Tekken and Virtua Fighter with similar fighting styles...

Discussion in 'Dojo' started by pinoy929, May 21, 2002.

  1. pinoy929

    pinoy929 Member

    Has anyone noticed how Tekken 4 and Virtua Fighter 4 use the same fighting styles? I mean, look at Lei Fei and Julia. If you look closely, some of their moves are exactly the same, hence possibly both of them are using the same fighting styles. Other instances:

    Craig Murdock and Vanessa
    King and Wolf (Obviously)
    Paul and Akira
    Kage and Yoshimitsu

    Any others?
  2. Robyrt

    Robyrt Well-Known Member

    Well, that's because they ARE using the same styles. Craig is a bit truer to vale tudo fighting than Vanessa, but then again, she's got an entire muay thai arsenal as well. Paul copies off Akira, but isn't grounded in a real fighting style AFAIK, while Lei and Julia are different techniques altogether. Kage and Yoshi's only similarities are the ninja moves (Kage's jujitsu style isn't anything like Yoshi's stuff).
  3. death_raven

    death_raven Well-Known Member

    i disagree with lei fei and julia having the same style, first of all leifei uses shaolin, and shaolin five types of kung-fu properly mixed together, tiger, dragon,monkey,crane, and another one i forgot, julia did not show any shaolin technique whatsoever in tekken, example notice how lei fei both has an open palm closed fist punches, all af julia's punches are closed fist, how ever law and jacky have the same style they're both jeet kune do masters, and for wolf and king their both wrestlers, but for any one else i dont think so, most of the fighting styles in tekken are mixed techniques no one even heard of, example: nina and anna's assasin martial arts based on judo and aikido, mishima karate, karate i know but mishima karate? kazama self defense, oh also julia's technique is a mix of shinirokugo - ken and hakkyoku - ken (hakkyoku - ken is akira's style) so she's very different from lei fei, another is advanced bear fighting (i bet you know who uses this), another point is vale - tudo is different from kick boxing, because vale tudo is far more advanced, and lastly notice that VF4 never made used of taekwondo and capoera (african fighting technique), for reasons i do not know, tekken and VF4 are very different in techniques, the only reason they look the same is for example some throws in judo are the same with the trows on aikido, some kicks in taekwondo are the same with jeet kune do, so at one point they look similar but not the same.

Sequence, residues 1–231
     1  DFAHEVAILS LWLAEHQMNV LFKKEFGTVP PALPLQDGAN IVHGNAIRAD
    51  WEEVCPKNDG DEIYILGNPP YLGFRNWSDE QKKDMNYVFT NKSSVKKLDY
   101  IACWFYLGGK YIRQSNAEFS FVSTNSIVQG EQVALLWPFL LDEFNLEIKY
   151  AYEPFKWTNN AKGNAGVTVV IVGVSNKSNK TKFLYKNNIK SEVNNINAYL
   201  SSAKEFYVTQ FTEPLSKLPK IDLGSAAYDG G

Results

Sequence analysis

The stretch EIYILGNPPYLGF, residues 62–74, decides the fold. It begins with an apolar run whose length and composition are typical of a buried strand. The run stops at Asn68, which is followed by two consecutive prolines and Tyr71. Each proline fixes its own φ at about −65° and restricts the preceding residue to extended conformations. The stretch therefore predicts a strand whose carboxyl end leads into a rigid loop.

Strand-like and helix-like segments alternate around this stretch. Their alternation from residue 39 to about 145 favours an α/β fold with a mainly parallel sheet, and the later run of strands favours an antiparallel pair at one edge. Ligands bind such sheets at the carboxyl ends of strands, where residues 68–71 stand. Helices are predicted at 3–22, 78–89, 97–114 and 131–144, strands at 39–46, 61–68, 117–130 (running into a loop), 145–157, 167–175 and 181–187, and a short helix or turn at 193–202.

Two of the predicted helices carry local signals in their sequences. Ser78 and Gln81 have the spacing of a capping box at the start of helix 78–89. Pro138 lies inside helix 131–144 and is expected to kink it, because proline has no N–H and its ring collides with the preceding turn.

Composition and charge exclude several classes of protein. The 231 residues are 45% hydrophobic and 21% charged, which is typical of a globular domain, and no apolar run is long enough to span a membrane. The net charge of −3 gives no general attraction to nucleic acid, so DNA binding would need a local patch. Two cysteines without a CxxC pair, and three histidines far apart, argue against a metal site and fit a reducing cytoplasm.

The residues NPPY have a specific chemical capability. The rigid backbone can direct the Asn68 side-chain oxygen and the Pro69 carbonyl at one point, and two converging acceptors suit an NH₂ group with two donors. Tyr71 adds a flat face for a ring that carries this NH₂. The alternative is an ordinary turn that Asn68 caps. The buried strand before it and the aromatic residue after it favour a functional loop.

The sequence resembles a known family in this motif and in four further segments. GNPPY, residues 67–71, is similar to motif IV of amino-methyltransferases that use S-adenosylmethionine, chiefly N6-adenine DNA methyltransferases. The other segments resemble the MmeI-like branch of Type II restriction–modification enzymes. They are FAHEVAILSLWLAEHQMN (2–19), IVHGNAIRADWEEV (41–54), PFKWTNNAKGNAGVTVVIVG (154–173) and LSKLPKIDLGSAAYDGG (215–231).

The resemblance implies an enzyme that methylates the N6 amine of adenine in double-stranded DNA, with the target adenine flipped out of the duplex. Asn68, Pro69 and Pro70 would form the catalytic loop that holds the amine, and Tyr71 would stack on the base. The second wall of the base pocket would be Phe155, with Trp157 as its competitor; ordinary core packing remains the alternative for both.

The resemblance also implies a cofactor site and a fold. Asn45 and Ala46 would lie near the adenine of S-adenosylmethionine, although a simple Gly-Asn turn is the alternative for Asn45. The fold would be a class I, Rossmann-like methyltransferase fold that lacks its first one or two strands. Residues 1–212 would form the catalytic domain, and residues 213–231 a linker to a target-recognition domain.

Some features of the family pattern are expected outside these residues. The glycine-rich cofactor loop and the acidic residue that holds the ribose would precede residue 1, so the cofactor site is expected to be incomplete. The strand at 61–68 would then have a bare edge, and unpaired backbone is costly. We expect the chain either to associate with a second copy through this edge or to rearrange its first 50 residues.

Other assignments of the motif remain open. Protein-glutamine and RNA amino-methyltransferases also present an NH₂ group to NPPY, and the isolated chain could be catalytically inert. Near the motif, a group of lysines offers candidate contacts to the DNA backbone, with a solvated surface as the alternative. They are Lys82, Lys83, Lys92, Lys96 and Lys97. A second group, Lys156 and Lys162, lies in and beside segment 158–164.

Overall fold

4. MrWhite

    MrWhite Well-Known Member

    5 animal form is based off tiger, crane, snake, leopard and dragon. Other animal styles are also part of shaolin repertoire but are not "core" ( i.e. Pheonix, Monkey, Tang Lang, Drunken, Eagle, etc. ).
  5. Shadowdean

    Shadowdean Well-Known Member

    JKD is more of a system of training than a style.
  6. death_raven

    death_raven Well-Known Member

    training is part of EVERY martial arts, jeet kune do isnt a system of training,but it has A system of training, just like any martial arts, its a style that bruce lee invented because he believed a lot of the other techniques had a lot of flaws so he made JKD with filterized practical techniques to minimize flaws, thats why if you notice JKD Bruce lee style there's a lot of confusing moves wher you think he's giving a punch but he's really gonna kick. where do you think tae kwon do was derived from? tae kwon do meaning kick punch application, a technique which mostly requires kick, with a few punches excluding back fist punches, anyways the kicks that tae kwon do uses were derived from JKD, so if JKD is just a system of training then nothing can be derived from it
  7. BK__

    BK__ Well-Known Member

    .....what's tekken?, who's yoshimitsu? /versus/images/icons/smile.gif
  8. pinoy929

    pinoy929 Member

    Try doing Lei-Fei's P+K in a certain stance where you can charge the move and Julia's F,F +RP. The way they do those moves look exactly alike. Also, Julia's SS+LK, RK and Lei-Fei's counter stance + K, K looks alike too. Just a mere coincidence, I suppose.
  9. death_raven

    death_raven Well-Known Member

    well like i said, most techniques have same punches and kicks.
  10. grynn

    grynn Well-Known Member

    Tae Kwon Do derived from JKD?!

    That's the first time I hear something like that... /versus/images/icons/shocked.gif

    Tae Kwon Do is derived from several century old Korean martial arts like Tae Kyun. And it is older than JKD so it could never be derived from JKD!

    Tae Kwon Do means litterally the way of Punch and Kick and standard kickboxing (not Muay Thai) is derived from this style.

    Anyway, as I understand, JKD is more of a philosophy than a martial art. The basic idea is to take the techniques that work best with you and dump the rest.

    That's why Jacky is my favorite JKD character in a fighting game, because he's not just a Bruce-Lee rip-off but is a good depiction of a JKD practitioner.
    Same goes for Sarah ^_^